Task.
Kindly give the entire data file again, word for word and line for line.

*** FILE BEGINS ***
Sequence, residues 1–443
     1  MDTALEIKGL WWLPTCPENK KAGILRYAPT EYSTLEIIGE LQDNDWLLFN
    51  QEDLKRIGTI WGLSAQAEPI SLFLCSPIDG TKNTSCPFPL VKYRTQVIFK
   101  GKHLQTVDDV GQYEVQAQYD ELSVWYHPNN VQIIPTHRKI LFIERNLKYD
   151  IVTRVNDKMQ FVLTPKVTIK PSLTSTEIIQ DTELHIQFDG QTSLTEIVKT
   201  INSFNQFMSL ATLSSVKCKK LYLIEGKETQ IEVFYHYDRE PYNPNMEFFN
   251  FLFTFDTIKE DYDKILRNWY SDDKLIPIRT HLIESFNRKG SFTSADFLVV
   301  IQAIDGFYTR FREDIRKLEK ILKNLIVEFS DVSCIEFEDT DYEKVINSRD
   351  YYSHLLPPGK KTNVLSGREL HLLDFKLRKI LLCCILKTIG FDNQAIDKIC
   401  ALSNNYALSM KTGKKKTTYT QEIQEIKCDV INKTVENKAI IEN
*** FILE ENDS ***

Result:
Sequence, residues 1–443
     1  MDTALEIKGL WWLPTCPENK KAGILRYAPT EYSTLEIIGE LQDNDWLLFN
    51  QEDLKRIGTI WGLSAQAEPI SLFLCSPIDG TKNTSCPFPL VKYRTQVIFK
   101  GKHLQTVDDV GQYEVQAQYD ELSVWYHPNN VQIIPTHRKI LFIERNLKYD
   151  IVTRVNDKMQ FVLTPKVTIK PSLTSTEIIQ DTELHIQFDG QTSLTEIVKT
   201  INSFNQFMSL ATLSSVKCKK LYLIEGKETQ IEVFYHYDRE PYNPNMEFFN
   251  FLFTFDTIKE DYDKILRNWY SDDKLIPIRT HLIESFNRKG SFTSADFLVV
   301  IQAIDGFYTR FREDIRKLEK ILKNLIVEFS DVSCIEFEDT DYEKVINSRD
   351  YYSHLLPPGK KTNVLSGREL HLLDFKLRKI LLCCILKTIG FDNQAIDKIC
   401  ALSNNYALSM KTGKKKTTYT QEIQEIKCDV INKTVENKAI IEN